Bordering and ordering
in (B)ordering Britain
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Chapter 1 sets out the racial infrastructure of Britain’s immigration law regime, explaining the relationship between colonialism, migration and law. British imperial administrations depended on the exploitation of hierarchies based on supposed differences between categories of people. The use of race as an ordering principle played an important part in enabling and justifying colonialism. I trace the line between the honing of processes of categorisation in the colonial era and immigration law as a practice of racial ordering in modern Britain. I argue that British immigration law is a continuation of colonial power as enacted in the former British Empire. The categorisation of people into those with and without rights of entry and stay sustains and reproduces colonial racial hierarchies. Contemporary immigration law thus maintains the global racial order established by colonialism, whereby racialised populations are disproportionately deprived of access to resources, healthcare, safety and opportunity and are systematically and disproportionately made vulnerable to harm and premature death. In this context recognition and refusal decisions in relation to claims for immigration status in Britain are the everyday work of the colonial state.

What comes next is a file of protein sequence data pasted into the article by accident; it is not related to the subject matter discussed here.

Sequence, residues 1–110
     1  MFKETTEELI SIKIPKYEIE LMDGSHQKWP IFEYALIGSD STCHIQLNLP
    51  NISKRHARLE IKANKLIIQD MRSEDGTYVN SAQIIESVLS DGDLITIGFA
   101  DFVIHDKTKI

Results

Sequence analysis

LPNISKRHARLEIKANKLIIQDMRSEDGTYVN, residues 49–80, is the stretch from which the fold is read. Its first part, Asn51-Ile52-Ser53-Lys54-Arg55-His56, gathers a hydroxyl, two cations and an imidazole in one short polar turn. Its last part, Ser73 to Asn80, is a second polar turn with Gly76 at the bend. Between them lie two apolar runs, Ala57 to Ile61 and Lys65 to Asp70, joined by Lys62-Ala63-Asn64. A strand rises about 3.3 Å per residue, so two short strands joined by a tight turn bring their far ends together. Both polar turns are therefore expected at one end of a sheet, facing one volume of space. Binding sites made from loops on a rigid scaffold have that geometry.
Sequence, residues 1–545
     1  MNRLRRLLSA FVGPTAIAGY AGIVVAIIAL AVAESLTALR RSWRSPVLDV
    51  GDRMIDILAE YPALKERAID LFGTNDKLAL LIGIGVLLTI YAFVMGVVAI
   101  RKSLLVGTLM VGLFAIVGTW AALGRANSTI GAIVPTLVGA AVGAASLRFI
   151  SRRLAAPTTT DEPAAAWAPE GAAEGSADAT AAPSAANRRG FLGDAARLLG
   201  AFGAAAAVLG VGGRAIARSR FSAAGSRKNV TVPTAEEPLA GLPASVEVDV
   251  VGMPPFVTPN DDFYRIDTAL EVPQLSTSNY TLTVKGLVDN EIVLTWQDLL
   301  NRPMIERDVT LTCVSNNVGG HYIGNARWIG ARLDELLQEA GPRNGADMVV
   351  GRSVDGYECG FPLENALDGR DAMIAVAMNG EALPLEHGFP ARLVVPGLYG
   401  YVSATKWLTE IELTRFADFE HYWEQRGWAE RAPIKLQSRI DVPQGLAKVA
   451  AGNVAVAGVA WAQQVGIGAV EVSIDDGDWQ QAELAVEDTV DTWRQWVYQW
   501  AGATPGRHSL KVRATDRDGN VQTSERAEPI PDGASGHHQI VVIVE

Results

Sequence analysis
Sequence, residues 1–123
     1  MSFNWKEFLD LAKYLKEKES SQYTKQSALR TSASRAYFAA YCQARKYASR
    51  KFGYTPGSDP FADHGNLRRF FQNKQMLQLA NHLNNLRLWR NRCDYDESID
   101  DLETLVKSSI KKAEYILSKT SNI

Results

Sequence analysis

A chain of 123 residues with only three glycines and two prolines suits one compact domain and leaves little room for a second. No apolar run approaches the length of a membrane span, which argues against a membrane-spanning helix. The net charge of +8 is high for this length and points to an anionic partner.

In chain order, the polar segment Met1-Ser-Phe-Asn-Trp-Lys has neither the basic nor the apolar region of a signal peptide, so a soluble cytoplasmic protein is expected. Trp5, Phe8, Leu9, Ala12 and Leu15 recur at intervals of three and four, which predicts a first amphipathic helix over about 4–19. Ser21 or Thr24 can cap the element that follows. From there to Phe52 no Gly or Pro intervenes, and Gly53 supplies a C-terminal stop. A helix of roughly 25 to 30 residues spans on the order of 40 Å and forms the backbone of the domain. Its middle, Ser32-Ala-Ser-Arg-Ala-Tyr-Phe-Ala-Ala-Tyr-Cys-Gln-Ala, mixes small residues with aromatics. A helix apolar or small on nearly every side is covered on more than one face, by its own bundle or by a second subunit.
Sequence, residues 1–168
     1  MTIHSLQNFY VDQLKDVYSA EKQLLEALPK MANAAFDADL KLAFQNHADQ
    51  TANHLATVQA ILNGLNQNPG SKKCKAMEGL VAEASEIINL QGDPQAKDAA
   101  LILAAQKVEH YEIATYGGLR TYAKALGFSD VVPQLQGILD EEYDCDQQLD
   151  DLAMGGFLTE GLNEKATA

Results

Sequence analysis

(B)ordering Britain

Law, race and empire

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